The students make a theatrical performance about the students’ well-being

In recent months, seven students have worked on student welfare and theater under an honors lab. They were instructed to find the story behind the numbers and process it in a creative way. ‘I want to give a face to the problems the students are facing.’

In order not to get stuck in vague terms, but to make students’ well-being visible and tangible, Vera van Berlo, education adviser at Radboud University, decided to make theater in an honors laboratory. The participating students were instructed to interview other students about their well-being. They were allowed to choose how they would shape the results of this, as long as it was in a creative way.

Theater is not an unknown area for Van Berlo. ‘Ever since I took theater lessons during my studies, I have been doing improv theater and practicing acting. The well-being of the students is an important issue in my work, and I wanted to see if theater and well-being could be combined. ‘ She supervised the honorary laboratory in collaboration with theater maker Corné van Sprundel.


Rosan Witmond (21) is one of the participants. The sociology and law student has an affiliation with theater. “I especially enjoy being behind the scenes, but Vera encouraged us to try new things. I have a big mouth, but when I’m on stage I’m shy. I saw the honorary lab as a fun experiment to also feel a little better on stage. ‘

Students during the dress rehearsal. Own picture

Students were asked weekly to interview other students on topics such as stress, loneliness, mental health issues, and insecurity, but also on support, attachment, and joy. They had to convert the stories that came out of this into something creative. Everything went by: monologues, poems, dance and song. Van Berlo: ‘I was amazed at the students’ creativity.’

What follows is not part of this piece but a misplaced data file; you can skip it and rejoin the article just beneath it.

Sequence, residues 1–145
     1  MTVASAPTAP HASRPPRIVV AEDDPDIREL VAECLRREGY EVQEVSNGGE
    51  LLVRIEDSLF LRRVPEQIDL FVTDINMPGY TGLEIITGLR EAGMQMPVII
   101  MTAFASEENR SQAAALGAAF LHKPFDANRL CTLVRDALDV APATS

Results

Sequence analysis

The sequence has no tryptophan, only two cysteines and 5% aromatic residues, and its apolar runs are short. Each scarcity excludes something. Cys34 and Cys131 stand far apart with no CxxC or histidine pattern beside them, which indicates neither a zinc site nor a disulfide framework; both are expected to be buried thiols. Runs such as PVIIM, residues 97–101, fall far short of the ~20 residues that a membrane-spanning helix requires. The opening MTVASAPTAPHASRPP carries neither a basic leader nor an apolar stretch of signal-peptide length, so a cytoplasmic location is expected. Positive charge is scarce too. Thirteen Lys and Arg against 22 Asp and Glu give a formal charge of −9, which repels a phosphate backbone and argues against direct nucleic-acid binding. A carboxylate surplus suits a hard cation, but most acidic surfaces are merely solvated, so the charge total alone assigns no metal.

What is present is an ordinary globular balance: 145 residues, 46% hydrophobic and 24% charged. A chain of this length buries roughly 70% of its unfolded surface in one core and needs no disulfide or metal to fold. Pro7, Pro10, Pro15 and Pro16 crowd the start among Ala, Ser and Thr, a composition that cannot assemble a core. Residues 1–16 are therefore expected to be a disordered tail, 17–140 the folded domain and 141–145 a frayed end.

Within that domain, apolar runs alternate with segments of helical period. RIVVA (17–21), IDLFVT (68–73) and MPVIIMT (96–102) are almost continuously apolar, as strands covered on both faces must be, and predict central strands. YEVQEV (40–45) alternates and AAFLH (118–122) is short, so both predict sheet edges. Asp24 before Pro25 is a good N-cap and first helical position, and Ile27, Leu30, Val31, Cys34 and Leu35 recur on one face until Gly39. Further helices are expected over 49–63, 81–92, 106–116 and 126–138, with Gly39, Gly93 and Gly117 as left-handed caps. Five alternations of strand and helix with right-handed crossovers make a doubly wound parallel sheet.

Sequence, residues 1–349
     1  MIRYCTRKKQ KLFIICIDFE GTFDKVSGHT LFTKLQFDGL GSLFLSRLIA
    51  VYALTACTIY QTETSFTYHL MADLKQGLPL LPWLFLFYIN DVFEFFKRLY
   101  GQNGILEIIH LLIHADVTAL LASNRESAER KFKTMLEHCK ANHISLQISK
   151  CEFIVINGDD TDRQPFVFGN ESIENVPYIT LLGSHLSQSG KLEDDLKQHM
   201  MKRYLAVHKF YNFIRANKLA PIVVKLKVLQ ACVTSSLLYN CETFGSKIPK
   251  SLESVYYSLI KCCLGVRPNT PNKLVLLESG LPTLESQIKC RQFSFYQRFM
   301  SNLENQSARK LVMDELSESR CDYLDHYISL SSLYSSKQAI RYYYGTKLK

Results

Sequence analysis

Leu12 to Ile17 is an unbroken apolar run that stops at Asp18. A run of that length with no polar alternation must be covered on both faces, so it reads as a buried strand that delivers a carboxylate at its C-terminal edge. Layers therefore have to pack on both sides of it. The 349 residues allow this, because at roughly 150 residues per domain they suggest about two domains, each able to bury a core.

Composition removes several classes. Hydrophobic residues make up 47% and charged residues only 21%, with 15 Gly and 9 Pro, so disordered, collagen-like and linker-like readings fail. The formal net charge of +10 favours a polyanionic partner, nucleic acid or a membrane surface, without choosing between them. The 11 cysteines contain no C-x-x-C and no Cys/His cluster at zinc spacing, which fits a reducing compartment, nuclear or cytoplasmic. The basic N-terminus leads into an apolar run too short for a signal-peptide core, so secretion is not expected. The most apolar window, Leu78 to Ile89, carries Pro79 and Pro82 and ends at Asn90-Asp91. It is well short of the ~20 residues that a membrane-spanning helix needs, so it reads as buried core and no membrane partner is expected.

Annet van Berkel (22) also participated. She has performed before, but since she graduated, she does not have time for it anymore. When she saw the call to the honorary lab, she seized her chance. ‘The subject appealed to me. I have a bit of a fear of failing since primary school, and when I look around, I see people everywhere who are experiencing problems while studying. ‘

‘I like helping others by being a listening ear’

Witmond: ‘In the honors lab, I got to know aspects of student well-being that I had never dealt with myself. In fact, I always do it well, which is why I like helping others by being a listening ear. ‘ Yet, over the past two years, she has often thought about the subject. “When I was able to spend less time with friends during the corona, I sometimes felt lonely.”


On stage, students show a selection of what they have done in recent months. ‘The common thread is that we are getting closer and closer to the students,’ says Van Berlo. ‘The opening is superficial, but during the performance we get closer and closer to what the students are feeling and who they really are.’

Van Berkel combines monologue with acting. It’s about putting things in perspective and seeing opportunities. She hopes to be able to show the man behind the numbers. ‘I want to give a face to the problems the students are facing.’ Witmond agrees: ‘We have talked to so many students and heard various stories that cannot be summed up in numbers.’

Van Berlo is very proud of the students. “From the first lecture, everyone has been open to each other. I thought it was cool that students dared to show up in front of each other in such a vulnerable way. ‘ She is very excited about the show. “I’ve been dreaming about it for a week.”

The performance can be seen tonight (May 31) from kl. 20.00 to 20.45 in Theaterzaal C in the Elinor Ostrom building. Entrance from 19:45. More information can be found here.

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